Dominic, a 30-year-old German, who came to South America to travel with a young girl who was his neighbor back in Germany and with whom he fell in love.  After a few days here, it became clear she wanted to be free, so they parted ways, and he found himself traveling alone.  Back in Berlin, he spent the past year planning parties… aka, illegal underground raves.  After he travels here for 2 months, he will go home and bartend to save up money to start an outdoor cafe where people are served in beds, and it will be called “Bedtime Stories.”  While here in Buga, he met another German guy, Robert, who lives here now as an architect and promoter of sustainable bamboo forests.  Perhaps he will work with Robert in the future to construct the cafe’s beds out of bamboo.

Stefan, Robert, and Dominic, hearing from the farm's tour guide about how bamboo grows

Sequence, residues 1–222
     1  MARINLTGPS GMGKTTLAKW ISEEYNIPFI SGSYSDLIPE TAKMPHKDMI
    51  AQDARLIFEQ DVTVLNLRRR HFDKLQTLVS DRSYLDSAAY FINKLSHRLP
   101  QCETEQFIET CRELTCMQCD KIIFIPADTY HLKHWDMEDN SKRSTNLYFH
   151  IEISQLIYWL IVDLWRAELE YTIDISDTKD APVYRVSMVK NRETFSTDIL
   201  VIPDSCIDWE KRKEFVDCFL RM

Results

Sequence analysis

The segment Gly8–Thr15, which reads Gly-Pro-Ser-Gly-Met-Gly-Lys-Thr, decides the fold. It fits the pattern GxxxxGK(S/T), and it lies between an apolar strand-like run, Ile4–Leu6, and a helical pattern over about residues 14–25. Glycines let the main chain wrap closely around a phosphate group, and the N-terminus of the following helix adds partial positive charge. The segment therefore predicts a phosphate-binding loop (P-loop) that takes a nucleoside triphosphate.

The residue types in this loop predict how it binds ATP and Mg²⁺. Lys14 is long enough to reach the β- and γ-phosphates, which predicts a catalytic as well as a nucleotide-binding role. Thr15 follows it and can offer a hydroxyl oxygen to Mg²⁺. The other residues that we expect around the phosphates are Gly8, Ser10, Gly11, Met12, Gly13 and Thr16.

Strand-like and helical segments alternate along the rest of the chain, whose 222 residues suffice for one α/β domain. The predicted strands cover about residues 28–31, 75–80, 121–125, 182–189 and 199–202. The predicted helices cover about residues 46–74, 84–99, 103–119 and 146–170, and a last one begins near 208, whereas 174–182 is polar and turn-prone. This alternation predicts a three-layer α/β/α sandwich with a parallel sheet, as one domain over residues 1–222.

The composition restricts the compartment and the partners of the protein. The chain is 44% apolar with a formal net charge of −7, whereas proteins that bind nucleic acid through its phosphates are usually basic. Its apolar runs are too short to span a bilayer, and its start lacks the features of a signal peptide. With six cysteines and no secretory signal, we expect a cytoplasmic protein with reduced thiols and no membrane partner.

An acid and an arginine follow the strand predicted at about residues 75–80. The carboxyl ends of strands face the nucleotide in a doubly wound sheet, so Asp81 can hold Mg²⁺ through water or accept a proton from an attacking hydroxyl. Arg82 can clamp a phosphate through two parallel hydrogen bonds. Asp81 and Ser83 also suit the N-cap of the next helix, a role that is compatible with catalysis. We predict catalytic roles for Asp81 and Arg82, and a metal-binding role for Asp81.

Stefan, Robert, and Dominic, hearing about how bamboo grows from the farm’s tour guide

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Olivia & Austin– a couple from Salt Lake City.  Olivia and I bonded over talking about yoga, hula-hooping, fire dancing, and dreams of living in the northwest USA.  She did AmeriCorps for a year, so they will pay for her to get any sort of certification she wants… and she’s thinking of doing yoga.  When they finish traveling in December, they will go home and build “tiny houses,” which she says “is all the rage in the USA” now.  These houses can be moved on flatbeds, and the big appeal? They don’t require building permits or passing any building codes to make and live in them.  They’ve built one before– invested $20,000, and sold it for $40,000.  They will make one for themselves this time, and perhaps will take it to live in Washington.  Olivia and I hope to meet again, in an off-the-grid community in the mountains.

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A Mexican guy, in his 20s perhaps, never caught his name… but he travels around with 10 marionette puppets, and does performances in parks to earn money.